I’m not sure what’s going on with my generation of millennial moms, or maybe it’s just my group of friends, but I’ve noticed a spike in parenthood for women in our mid-thirties. Perhaps we’ve just all gone crazy and decided that we no longer like sleep, money, or the freedom to leave the house without having to tote along a giant bag filled with everything your little one could possibly need in life. But whatever the reason, maybe a bunch of us are starting the baby journey again.
My baby brain didn’t just pop out of nowhere. Since I had my daughter five years ago, I have randomly discussed having another child with my husband. However, we were always at a different point in our lives each time I brought it up. First, we had just bought our first home, we were getting settled in with our daughter and son, and things were a bit chaotic. Next, we started potty training. We figured if we decided to add to our family, we would possibly do it when we only had one diaper expense.
More time passed, and suddenly my daughter was no longer in diapers. She was out of daycare, and we could go on vacation anywhere we wanted without packing a nursery for the trip. You’d think I’d be happy with two wonderful kids and finally feel financially stable to enjoy life. And I was, for the most part, but a small piece of me would come up randomly, not monthly. It was more than ovulation. It was an emotional tugging that my children’s smallness was ending. I don’t think I was ready for their independence, but I didn’t have any choice in the matter. Our kids grow up and will always need us differently; however, I still wanted the tiny finger wrapped around my hand, cooing and not back-talking me about something ridiculous.
Throughout the last five years, I had gone back and forth, asking my husband to either get a vasectomy or a baby. He never got the vasectomy, not because of anything to do with his balls but because of the tiny mental breakdowns, I would have throughout the years, especially when one of my friends would get pregnant. He said he’s gone to war but was more terrified of what I would do if he actually took the choice of having a baby. Although I would joke around with the idea of having another baby, I think I only actually said yes, let’s do it once.
We both agreed that if it happened, it would happen. I kind of left it up to God and the universe and said by the time I reached my mid-thirties, he would probably get a vasectomy since we didn’t want to be in our mid-40s with a surprise child. I felt that was a fair compromise, and we actually tried. I wasn’t sure if I was pregnant, but I was late.
I got extremely hopeful and excited. For about a month, I was giddy, thinking there might be a little one living inside me. I’m not sure why I allowed myself to be so happy, thinking it would only take a try to convince. It was probably because it was that easy with my daughter, but I was younger, and things tended to work faster. Well, it turns out I wasn’t pregnant. I sucked up my emotions and stuffed them down deep. My husband asked if I wanted to keep trying, and I told him no. It seemed like it was a message that we were just supposed to have two kids, not three, and I went on with life.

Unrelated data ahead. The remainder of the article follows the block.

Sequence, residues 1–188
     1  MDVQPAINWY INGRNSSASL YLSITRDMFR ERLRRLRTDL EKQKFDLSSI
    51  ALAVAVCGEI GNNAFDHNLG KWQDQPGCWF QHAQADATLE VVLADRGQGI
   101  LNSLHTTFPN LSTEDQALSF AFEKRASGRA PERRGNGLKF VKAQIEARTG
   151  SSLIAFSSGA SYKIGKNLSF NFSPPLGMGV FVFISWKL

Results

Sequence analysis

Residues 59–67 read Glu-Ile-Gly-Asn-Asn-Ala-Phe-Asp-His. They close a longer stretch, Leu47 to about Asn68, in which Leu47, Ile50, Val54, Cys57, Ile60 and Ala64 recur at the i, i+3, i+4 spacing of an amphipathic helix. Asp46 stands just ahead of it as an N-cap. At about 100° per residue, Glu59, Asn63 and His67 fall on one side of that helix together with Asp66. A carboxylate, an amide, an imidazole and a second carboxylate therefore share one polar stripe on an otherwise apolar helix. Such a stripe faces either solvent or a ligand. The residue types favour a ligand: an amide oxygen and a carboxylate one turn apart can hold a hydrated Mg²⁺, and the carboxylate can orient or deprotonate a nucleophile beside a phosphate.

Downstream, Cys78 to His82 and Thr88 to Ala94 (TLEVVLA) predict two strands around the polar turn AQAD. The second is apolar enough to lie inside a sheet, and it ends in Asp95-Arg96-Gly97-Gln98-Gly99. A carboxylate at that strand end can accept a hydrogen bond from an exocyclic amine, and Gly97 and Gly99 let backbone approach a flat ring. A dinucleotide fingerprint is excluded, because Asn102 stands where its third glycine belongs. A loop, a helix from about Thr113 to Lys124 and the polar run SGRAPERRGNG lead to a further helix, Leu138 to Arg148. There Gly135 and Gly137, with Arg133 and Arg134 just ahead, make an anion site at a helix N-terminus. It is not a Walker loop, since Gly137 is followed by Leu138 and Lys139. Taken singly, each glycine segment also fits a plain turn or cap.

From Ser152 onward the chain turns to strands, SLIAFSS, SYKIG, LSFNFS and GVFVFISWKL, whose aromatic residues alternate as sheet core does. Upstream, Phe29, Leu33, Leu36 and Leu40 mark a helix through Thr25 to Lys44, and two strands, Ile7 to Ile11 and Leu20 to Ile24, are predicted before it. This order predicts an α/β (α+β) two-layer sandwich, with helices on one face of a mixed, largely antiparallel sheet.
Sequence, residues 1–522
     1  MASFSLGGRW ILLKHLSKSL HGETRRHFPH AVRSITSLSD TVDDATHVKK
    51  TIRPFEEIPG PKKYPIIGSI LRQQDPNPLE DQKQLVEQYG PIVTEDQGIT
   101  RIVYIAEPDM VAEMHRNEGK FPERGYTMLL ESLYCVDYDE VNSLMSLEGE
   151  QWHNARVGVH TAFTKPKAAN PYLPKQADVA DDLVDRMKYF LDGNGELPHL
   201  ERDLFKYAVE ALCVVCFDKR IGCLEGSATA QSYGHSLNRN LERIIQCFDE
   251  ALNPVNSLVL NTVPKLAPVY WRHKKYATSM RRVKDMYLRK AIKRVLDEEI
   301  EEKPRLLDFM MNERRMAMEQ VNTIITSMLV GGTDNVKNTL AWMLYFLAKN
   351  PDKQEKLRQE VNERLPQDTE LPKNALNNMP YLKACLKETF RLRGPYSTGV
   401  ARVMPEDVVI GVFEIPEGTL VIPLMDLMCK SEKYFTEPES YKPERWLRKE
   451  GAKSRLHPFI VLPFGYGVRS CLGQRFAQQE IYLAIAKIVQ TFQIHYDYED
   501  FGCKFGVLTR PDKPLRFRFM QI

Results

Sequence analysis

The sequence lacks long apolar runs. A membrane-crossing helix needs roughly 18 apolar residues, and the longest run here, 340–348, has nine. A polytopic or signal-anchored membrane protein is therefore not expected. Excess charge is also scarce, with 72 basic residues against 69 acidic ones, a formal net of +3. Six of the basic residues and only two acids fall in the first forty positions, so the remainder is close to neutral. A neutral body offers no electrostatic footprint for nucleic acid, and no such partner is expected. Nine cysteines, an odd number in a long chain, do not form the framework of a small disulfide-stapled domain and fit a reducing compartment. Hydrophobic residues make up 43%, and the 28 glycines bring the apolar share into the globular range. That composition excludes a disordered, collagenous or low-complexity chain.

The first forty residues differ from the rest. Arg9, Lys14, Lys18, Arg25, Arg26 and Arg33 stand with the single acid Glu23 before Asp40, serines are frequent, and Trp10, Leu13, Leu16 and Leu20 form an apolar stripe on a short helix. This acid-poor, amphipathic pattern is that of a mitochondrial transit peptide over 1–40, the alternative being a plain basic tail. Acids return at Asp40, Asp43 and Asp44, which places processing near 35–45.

A few months later, I got in a car accident. I ended up with a torn disk and a few herniated discs. To me, it was more of a message saying it was a good thing I wasn’t pregnant. Though it was a low-impact accident, I could have lost the baby if I had been pregnant. I know for certain I wouldn’t have been able to get the imaging I needed to find out how badly I got hurt. I spent months in PT trying to get back to normal. I went back and forth with the idea of expanding past the idea of physical therapy, getting more invasive, and receiving an epidural to help alleviate my pain.
Eventually, January rolled around, and five months after the accident, I was scheduled for the epidural. But what wasn’t showing up was my period. We had one small accident when I just so happened to be ovulating, and I was hopeful again but nervous. I didn’t take a pregnancy test, and I wasn’t going to waste the money when I knew that the facility I was going to would test me anyways. So for two weeks, I played the what-if game in my head. I knew there was a possibility that stress was causing my period to be late. But I didn’t want to be rational. Hope is a powerful drug.
So the morning of my procedure finally came. For some reason, medical facilities were still under the covid rule of no visitors even if you were knocked out and needed someone to drive you home. My husband was told to wait in his truck, get breakfast, or do something at seven in the morning besides in the lobby and wait. We kissed goodbye, and I sat nervously in the lobby by myself. I hate medical anything, and waiting thirty-plus minutes by myself just let my brain think of everything that could go wrong. When I was finally asked back, the nurse asked if I might be pregnant, and I beamed, “Maybe.” She was not thrilled because if I was, I could not go forward with my procedure.